Mechanisms underlying direct programming of stem cells could eventually lead to cell-replacement therapies
A team of scientists has uncovered details of the cellular mechanisms that control the direct programming of stem cells into motor neurons. The scientists analyzed changes that occur in the cells over the course of the reprogramming process. They discovered a dynamic, multi-step process in which multiple independent changes eventually converge to change the stem cells into motor neurons.
“There is a lot of interest in generating motor neurons to study basic developmental processes as well as human diseases like ALS and spinal muscular atrophy,” said Shaun Mahony, assistant professor of biochemistry and molecular biology at Penn State and one of the lead authors of the paper. “By detailing the mechanisms underlying the direct programing of motor neurons from stem cells, our study not only informs the study of motor neuron development and its associated diseases, but also informs our understanding of the direct programming process and may help with the development of techniques to generate other cell types.”
The direct programming technique could eventually be used to regenerate missing or damaged cells by converting other cell types into the missing one. The research findings, which appear online in the journal Cell Stem Cell on December 8, 2016, show the challenges facing current cell-replacement technology, but they also outline a potential pathway to the creation of more viable methods.
“Despite having a great therapeutic potential, direct programming is generally inefficient and doesn’t fully take into account molecular complexity,” said Esteban Mazzoni, an assistant professor in New York University’s Department of Biology and one of the lead authors of the study. “However, our findings point to possible new avenues for enhanced gene-therapy methods.”
The researchers had shown previously that they can transform mouse embryonic stem cells into motor neurons by expressing three transcription factors — genes that control the expression of other genes — in the stem cells. The transformation takes about two days. In order to better understand the cellular and genetic mechanisms responsible for the transformation, the researchers analyzed how the transcription factors bound to the genome, changes in gene expression, and modifications to chromatin at 6-hour intervals during the transformation.
“We have a very efficient system in which we can transform stem cells into motor neurons with something like a 90 to 95 percent success rate by adding the cocktail of transcription factors,” said Mahony. “Because of that efficiency, we were able to use our system to tease out the details of what actually happens in the cell during this transformation.”
“A cell in an embryo develops by passing through several intermediate stages,” noted Uwe Ohler, senior researcher at the Max Delbrück Center for Molecular Medicine (MDC) in Berlin and one of the lead authors of the work. “But in direct programming we don’t have that: we replace the gene transcription network of the cell with a completely new one at once, without the progression through intermediate stages. We asked, what are the timing and kinetics of chromatin changes and transcription events that directly lead to the final cell fate?”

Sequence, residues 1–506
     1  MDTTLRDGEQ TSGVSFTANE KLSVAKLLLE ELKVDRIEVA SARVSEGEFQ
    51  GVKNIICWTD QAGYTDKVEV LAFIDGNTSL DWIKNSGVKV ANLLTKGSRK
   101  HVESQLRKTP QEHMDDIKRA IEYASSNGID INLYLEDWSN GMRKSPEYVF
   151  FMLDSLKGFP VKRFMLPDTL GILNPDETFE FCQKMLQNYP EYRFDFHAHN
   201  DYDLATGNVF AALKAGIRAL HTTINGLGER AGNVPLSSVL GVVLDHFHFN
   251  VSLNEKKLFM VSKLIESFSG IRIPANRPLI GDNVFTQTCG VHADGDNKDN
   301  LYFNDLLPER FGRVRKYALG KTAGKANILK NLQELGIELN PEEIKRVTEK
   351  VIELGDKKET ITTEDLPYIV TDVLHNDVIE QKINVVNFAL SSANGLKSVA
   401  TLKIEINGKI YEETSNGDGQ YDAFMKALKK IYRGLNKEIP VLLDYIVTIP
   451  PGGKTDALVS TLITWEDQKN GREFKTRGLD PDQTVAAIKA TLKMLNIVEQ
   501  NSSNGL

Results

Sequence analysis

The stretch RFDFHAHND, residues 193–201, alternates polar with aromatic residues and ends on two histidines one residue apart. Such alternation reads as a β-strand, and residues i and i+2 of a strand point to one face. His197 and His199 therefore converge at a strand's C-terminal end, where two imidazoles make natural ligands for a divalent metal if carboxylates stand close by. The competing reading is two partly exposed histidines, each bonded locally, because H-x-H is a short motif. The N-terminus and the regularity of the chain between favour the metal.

The research team found surprising complexity — programming of these stem cells into neurons is the result of two independent transcriptional processes that eventually converge. Early on in the process, two of the transcription factors — Isl1 and Lhx3 — work in tandem, binding to the genome and beginning a cascade of events including changes to chromatin structure and gene expression in the cells. The third transcription factor, Ngn2, acts independently making additional changes to gene expression. Later in the transformation process, Isl1 and Lhx3 rely on changes in the cell initiated by Ngn2 to help complete the transformation. In order for direct programming to successfully achieve cellular conversion, it must coordinate the activity of the two processes.
“Many have found direct programming to be a potentially attractive method as it can be performed either in vitro — outside of a living organism — or in vivo — inside the body and, importantly, at the site of cellular damage,” said Mazzoni. “However, questions remain about its viability to repair cells — especially given the complex nature of the biological process. Looking ahead, we think it’s reasonable to use this newly gained knowledge to, for instance, manipulate cells in the spinal cord to replace the neurons required for voluntary movement that are destroyed by afflictions such as ALS.”
Learn more: How to Make a Motor Neuron
A precise measurement of absolute beam intensity is essential for many areas of science. It is a key parameter to monitor any losses in a beam and to calibrate the absolute number of particles delivered to the experiments.